How easy is it to make a living as a fashion photographer in Anchorage -- the city chosen as worst-dressed by readers of Travel and Leisure Magazine last year?
"It's impossible!" said Thuy Vo. "There just aren't that many people here who need me."
Yet Vo, who specializes in beauty, fashion and portrait photography achieved the near-impossible this spring when one of her images was picked up by Vogue Italia (vogue.it), one of several international editions of the ultra-chic fashion mag.
Some 200,000 photos are submitted online each year. "It's the only way to submit," Vo said. Making the cut is a major coup in her line of work.
She's had outside success before, with spreads in Ellements ("e") and Meuse magazines. All shot in Anchorage, featuring Alaska models showcasing clothing, hair and makeup by other Alaskans.
Vo's Vogue image is unusual, even in a forum known for exotic and radical imagery. It features Macy Lee of Anchorage in traditional Hmong attire. "You don't see a lot of traditional things as fashion in the magazines," Vo said.
Vo said she thinks it's the first time that either an Alaska photographer or model has been featured in a Vogue outlet.
A lifelong Alaskan, Vo's family is a combination of Vietnamese and "American mix." (Her first name is pronounced like "Twee.") She's lived in Dutch Harbor, where her father was a fisherman, and the Yup'ik Eskimo village of St. Mary's, where she has relatives.
She graduated from East High School in 2002, nursing a love for the camera she inherited from her parents. "They met in a photo class," she said. "I've been drug into the darkroom since I was 5 years old."
As Vo Photography, she does a range of portraits and commercial work, including a series for an Anchorage hair salon whose owner wanted to hang photos of local women showing her styles rather than using the typical posters supplied by cosmetic companies.
But her passion lies in the realm of glamor. She had two features in the annual fashion issue of Anchorage's F magazine, including an image of a topless woman wearing sunglasses that earned the judges' choice award.
She sees fashion photography as closely connected to portraiture.
"I really like finding what makes people feel good about themselves, what it is that they see when they look in the mirror, what it is about a person that really makes them beautiful," she said. "Likewise, with models and designers, I want to find out what they're seeing, what their idea and vision is, and show it."
Word is starting to get out. Vo said she's had inquiries from designers and models outside Alaska. "One company sent me boxes of their jewelry in hopes that I'll use them in my next shoot -- and I will," she said.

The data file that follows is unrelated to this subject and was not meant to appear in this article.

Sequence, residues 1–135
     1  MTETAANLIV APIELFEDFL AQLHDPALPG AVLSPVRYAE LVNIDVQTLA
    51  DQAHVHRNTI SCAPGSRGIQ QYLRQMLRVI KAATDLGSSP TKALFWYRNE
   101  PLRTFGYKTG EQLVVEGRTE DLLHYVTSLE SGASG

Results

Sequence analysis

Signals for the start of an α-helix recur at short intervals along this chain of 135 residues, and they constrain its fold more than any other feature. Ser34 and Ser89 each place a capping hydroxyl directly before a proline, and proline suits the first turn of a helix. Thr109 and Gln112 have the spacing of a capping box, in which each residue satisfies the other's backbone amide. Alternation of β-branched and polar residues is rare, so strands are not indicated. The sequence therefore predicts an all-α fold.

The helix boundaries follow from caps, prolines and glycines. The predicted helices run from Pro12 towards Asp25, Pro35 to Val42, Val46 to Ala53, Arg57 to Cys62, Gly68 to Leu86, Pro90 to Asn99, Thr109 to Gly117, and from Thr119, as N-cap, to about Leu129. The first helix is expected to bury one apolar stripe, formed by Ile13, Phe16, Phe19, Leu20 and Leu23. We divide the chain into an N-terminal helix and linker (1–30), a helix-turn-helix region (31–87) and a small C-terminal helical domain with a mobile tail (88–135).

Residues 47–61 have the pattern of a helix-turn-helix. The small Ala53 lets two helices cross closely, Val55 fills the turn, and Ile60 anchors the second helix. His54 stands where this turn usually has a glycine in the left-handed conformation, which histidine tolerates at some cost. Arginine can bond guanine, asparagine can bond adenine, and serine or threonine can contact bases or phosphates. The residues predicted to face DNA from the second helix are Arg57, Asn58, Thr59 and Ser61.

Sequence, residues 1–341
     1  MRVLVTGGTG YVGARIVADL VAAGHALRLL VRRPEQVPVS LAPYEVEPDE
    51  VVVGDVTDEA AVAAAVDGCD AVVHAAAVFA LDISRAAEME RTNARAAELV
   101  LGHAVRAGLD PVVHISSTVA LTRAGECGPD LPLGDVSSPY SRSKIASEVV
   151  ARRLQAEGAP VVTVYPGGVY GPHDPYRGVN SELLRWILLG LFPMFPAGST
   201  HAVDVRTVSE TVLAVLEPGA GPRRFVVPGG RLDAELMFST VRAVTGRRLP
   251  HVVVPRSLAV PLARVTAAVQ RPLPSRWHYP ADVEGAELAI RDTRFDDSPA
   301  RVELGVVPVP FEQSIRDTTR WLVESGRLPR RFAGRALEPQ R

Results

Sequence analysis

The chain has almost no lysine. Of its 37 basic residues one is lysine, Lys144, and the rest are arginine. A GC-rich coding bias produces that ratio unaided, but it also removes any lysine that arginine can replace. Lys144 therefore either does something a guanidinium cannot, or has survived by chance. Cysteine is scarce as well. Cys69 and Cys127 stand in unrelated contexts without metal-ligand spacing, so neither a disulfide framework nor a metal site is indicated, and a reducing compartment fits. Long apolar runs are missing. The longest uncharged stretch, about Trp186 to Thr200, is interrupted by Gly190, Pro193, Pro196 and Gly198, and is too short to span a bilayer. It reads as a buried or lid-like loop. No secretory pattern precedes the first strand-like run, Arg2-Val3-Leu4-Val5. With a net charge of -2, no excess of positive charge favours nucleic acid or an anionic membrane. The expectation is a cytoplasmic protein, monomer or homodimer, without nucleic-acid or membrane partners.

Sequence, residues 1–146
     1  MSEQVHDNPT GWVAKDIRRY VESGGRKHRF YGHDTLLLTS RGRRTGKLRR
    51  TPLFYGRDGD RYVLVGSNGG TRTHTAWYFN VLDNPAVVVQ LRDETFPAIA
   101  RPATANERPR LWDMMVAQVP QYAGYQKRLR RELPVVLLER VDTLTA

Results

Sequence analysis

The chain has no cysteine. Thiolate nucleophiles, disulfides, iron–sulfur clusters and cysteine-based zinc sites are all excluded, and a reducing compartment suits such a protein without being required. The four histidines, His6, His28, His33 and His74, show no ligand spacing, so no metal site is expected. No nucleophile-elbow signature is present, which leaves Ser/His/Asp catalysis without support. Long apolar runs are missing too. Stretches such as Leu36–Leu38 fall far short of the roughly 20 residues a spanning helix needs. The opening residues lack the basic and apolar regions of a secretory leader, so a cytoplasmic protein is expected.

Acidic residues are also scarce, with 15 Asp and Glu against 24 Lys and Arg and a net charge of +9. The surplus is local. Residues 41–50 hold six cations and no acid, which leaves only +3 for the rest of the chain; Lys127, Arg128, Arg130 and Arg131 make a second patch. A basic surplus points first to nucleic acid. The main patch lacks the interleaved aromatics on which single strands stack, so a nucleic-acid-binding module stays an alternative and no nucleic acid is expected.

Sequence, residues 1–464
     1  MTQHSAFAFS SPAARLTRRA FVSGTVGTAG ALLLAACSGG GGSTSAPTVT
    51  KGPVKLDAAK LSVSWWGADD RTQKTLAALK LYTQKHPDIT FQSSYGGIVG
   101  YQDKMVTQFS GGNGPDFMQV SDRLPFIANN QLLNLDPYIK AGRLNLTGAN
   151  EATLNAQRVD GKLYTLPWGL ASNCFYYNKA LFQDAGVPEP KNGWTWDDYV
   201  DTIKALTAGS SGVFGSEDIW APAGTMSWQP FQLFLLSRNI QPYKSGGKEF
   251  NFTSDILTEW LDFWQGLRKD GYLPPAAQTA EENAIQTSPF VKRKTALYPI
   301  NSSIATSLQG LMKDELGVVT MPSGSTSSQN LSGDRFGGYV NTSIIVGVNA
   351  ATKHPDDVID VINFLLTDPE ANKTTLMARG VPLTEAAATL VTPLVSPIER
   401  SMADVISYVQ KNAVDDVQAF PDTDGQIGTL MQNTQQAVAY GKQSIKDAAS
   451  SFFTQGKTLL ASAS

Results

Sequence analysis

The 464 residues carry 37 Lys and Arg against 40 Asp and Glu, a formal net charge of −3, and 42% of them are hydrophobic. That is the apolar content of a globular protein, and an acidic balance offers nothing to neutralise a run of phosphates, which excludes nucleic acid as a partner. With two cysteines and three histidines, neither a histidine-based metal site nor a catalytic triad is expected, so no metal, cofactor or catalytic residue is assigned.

She said that upwards of 10 girls approach her each week asking her to do "test" photos, the kind of shots that can show their modeling chops. Agencies "aren't looking for your high school head shot," she said.
It keeps her busy, but she particularly likes a handful of local models that she's previously worked with and "had a lot of good experiences with." She mentioned Jasmine Alleva and Magdalena Martynowicz. "They're going to be famous someday," she said.
Martynowicz was the model in one of the Ellements spreads, titled "Asymmetry," a photo essay -- which the "e" folks call a "beauty editorial" -- that flew in the face of the common concept that beauty results from perfect balance. In this case, the makeup was deliberately made to contrast and produce an unbalanced effect, one eye lined in teal, another in mauve, for instance.
"Keeping in mind that it's hard to make money in fashion photography, I treat it like art rather than a business," Vo said.
Beauty is not the most important attribute in a good model, she said. "There has to be a natural talent and creativity. I don't want someone who gives me the same thing over and over. She has to have imagination; I shouldn't need to tell her what to do. There has to be chemistry, which is something you don't have with everybody, no matter how cool they are.
"Most important, a model needs great personality. You spend hours with these girls. People are pulling at their hair, rubbing makeup on and off, putting them in different clothes, poking and adjusting all the time. They have to stay pleasant."
When not on the backside of a camera, Vo likes to fish, everything from fly fishing to halibut. She sings jazz. She's working on a degree in accounting at University of Alaska Anchorage as a safety net for when the photo biz gets slow. And she relishes absorbing the multicultural scene of her diverse, if (according to Travel and Leisure) fashion-challenged home town.
"I got to know Macy (Lee) when I did her senior portrait at East," Vo said. "Later she came to my studio. I asked if she had traditional Hmong clothing -- and she did."
The makeup was done to suit the colors and layers of the costume. Everyone -- including Vogue Italia -- was happy with the results. Vo thinks it may have inspired her to try something similar with traditional Alaska Native garments.
"I want to see traditional dress through the eyes of a fashion photographer," she said. "Sometime this summer I want to try a project where I do Alaska culture what I did with Hmong culture and Macy."
Reach Mike Dunham at firstname.lastname@example.org or 257-4332.